Sassanian Inscription Unearthed in Ancient Iran Necropolis Being Deciphered

The article Sassanian Inscription Unearthed In Ancient Iran Necropolis Being Deciphered” was posted on Radio Farda (as reported by British-Iranian journalist Maryam Sinaiee) on March 28, 2020.

Kindly note that the version printed below has been edited with two of the images (and accompanying captions) not appearing in the original Radio Farda report.

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Experts are working to decipher a newly discovered inscription unearthed in an ancient necropolis near Persepolis, an official of the Cultural Heritage Organization of Iran, said on Monday. The inscription which dates from the Sassanian period (224-651 CE) was found in Naqsh-e Rostam and is written in Pahlavi language (also known as Middle Persian) which was the official language of the Sassanian Empire.

Tomb of Darius the Great in Naqsh-e Rustam an ancient necropolis located about 12 km northwest of Persepolis, in Fars Province, Iran (Source: Radio Farda).

Naqsh-e Rostam, the site where the inscription was found, was a necropolis and religious center about 12 km northwest of Persepolis, the ceremonial capital of the Achaemenid Empire (550-300 BCE). However, some of the relics on the cliffs may date as far back as the Pre-Iranian Elamite Period (2700-539 BCE).

Four huge tombs from the Achaemenid era (550-300 BCE), including the tomb of King Darius the Great (550-486 BCE) hewn into the cliff face and a square-shaped building made with stone blocks from the Sassanian which may also have had a significance in burial rites are among the most important relics of the necropolis.

Several inscriptions and reliefs of Sassanian kings including a rock relief showing the Sassanian king Shapur I on horseback, with the Roman Emperor Valerian bowing to him in submission, are among the other significant surviving relics of Naqsh-e Rostam.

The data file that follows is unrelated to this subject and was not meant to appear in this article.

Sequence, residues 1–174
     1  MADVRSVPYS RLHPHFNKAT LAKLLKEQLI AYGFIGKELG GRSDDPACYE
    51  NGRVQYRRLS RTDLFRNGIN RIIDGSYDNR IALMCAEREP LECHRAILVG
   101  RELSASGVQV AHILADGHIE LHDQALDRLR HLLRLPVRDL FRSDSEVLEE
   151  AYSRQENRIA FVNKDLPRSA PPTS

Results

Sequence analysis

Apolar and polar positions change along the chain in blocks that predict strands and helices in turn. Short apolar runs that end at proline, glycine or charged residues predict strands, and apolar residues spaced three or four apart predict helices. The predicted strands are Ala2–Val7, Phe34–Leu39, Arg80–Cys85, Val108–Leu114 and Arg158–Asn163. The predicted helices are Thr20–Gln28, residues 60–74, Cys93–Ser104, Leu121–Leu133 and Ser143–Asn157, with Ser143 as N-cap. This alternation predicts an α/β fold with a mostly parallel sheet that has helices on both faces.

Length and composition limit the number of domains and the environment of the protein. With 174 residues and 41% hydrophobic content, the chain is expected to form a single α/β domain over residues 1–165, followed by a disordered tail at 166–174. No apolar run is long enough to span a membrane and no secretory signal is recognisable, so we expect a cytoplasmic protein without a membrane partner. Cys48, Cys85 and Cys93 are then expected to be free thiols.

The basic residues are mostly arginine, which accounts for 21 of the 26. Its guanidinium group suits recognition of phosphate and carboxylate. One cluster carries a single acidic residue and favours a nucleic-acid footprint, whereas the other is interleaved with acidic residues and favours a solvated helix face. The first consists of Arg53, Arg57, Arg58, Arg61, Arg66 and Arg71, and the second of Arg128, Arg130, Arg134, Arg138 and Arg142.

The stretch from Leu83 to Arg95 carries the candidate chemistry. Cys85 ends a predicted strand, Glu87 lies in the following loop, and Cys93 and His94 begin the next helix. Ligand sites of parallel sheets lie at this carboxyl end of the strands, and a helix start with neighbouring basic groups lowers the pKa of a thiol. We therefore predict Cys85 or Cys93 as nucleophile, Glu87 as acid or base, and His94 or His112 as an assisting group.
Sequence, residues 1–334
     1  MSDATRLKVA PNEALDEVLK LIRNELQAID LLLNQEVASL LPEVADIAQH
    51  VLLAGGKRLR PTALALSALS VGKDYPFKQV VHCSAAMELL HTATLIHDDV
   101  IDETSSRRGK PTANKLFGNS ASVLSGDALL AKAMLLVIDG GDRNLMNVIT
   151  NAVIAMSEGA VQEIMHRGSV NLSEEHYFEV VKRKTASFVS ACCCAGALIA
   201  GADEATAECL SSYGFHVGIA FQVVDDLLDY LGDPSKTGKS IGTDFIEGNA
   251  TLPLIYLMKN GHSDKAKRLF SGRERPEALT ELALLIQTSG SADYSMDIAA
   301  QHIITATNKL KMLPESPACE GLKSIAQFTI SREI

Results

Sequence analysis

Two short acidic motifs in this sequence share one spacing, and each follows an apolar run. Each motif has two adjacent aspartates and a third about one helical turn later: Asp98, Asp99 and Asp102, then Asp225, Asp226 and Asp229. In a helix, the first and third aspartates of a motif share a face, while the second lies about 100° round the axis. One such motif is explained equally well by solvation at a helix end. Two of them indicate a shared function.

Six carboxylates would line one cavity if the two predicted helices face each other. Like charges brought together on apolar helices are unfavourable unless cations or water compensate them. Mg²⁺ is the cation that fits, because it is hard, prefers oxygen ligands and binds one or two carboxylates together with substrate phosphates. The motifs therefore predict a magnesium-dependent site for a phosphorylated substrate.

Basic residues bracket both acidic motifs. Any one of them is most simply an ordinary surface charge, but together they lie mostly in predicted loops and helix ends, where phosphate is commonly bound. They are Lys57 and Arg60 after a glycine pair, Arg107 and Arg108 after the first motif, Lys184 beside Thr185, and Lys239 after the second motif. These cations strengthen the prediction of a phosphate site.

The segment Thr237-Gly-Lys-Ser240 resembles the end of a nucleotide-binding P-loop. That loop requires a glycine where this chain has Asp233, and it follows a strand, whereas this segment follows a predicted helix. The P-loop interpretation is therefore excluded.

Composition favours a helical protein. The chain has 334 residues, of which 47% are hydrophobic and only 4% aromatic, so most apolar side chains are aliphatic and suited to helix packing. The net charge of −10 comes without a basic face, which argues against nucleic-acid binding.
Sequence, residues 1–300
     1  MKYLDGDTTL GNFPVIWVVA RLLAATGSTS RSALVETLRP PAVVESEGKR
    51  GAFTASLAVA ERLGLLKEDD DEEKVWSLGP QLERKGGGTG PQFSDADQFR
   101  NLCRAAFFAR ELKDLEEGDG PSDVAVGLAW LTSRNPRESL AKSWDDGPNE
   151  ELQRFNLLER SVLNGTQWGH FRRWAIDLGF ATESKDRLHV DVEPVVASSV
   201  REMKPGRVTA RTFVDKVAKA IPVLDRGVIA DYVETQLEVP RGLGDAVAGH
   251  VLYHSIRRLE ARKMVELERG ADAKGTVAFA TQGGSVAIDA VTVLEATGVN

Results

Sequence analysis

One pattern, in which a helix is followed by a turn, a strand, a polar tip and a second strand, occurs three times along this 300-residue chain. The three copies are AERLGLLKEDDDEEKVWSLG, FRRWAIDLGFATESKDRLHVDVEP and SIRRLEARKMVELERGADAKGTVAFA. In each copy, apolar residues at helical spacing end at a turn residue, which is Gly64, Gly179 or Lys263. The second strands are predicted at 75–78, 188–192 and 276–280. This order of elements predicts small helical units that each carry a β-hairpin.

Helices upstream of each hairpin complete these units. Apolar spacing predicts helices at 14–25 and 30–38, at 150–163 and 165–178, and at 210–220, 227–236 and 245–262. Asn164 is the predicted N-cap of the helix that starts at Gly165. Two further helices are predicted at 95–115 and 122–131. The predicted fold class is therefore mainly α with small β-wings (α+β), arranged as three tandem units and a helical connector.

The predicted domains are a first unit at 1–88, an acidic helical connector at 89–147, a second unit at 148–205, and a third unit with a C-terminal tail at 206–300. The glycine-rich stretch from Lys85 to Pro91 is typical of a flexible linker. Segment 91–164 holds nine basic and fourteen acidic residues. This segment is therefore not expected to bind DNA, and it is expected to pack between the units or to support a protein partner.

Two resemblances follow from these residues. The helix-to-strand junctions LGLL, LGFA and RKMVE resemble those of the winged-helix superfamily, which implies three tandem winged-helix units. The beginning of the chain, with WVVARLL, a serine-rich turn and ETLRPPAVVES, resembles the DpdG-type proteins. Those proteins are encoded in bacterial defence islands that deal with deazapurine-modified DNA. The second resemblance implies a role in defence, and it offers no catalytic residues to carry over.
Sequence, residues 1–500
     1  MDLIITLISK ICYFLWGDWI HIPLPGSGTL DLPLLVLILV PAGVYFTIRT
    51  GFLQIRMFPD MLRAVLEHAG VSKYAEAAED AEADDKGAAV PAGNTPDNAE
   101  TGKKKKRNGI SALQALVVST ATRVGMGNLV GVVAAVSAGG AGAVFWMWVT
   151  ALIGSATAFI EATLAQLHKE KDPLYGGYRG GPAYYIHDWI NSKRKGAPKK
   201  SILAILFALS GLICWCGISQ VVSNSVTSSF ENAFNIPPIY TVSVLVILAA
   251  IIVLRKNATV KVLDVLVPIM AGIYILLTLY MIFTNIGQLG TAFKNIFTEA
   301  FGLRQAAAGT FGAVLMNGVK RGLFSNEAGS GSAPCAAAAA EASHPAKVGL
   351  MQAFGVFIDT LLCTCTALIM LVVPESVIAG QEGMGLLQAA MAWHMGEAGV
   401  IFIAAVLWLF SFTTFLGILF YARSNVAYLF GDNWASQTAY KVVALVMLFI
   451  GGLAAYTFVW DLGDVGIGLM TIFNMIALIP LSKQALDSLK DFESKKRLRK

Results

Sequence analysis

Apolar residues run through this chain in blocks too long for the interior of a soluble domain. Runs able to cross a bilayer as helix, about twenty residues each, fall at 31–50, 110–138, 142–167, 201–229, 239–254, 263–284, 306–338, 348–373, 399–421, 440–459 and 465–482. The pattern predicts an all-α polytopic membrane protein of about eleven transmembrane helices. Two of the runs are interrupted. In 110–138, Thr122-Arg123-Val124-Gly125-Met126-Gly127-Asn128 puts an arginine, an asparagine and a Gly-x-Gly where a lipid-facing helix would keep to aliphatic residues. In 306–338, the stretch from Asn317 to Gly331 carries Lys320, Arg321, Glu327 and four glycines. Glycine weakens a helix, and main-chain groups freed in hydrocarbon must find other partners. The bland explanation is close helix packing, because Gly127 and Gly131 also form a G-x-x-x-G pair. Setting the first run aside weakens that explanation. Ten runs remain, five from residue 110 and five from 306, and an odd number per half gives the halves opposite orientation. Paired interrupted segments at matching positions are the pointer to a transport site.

Emperor Valerian surrenders to Shapur I (241-272 CE) and Sassanian nobility at Edessa in 260 CE (Source: Kaveh Farrokh, 2005, Elite Sassanian Cavalry).

Despite the huge importance of the ancient necropolis, unlike Persepolis and Pasargadae, the capital of the Achaemenid Empire (550-300 BCE) under Cyrus the Great (559-530 BCE), Iran has not been able to list it as a UNESCO Heritage Site due to the failure to meet the requirements of UNESCO as to measures taken for the preservation of the site and documentation.

Officials say the inscription is being deciphered. But reading Pahlavi language texts is no easy task.

Inscription in Pahlavi from Pāikūlī (Image Source: Shapour Suren-Pahlav). The above Pāikūlī block appears as D3 in the academic publication by Dr. Helmut Humbach and Dr. Prods O. Skjaervo (The Sassanian Inscription of Paikuli: Restored text and Translation. Reichert Verlag, 1983). Note that five of the above lines are intact with the sixth line damaged. ... For more on this Click Here …

An Aramaic-derived alphabet was used for writing in Pahlavi. The script is very difficult to read due to the use of heterograms. The heterograms were words written in Aramaic but read as their Middle Persian equivalent. It is similar to writing eg in English and reading it “for example”.

In addition to the use of heterograms, the variations of the alphabet between the ordinary script used on parchment and the version used in inscriptions make reading Pahlavi inscriptions which are often badly damaged by exposure to the elements even more complex.

In the past couple of decades, the decline of groundwater tables which has resulted in sinking ground has seriously damaged the relics in  Naqsh-e Rostam or put them in danger of further deterioration. Critics of the Islamic Republic say the government does not put enough effort into the preservation of pre-Islamic relics.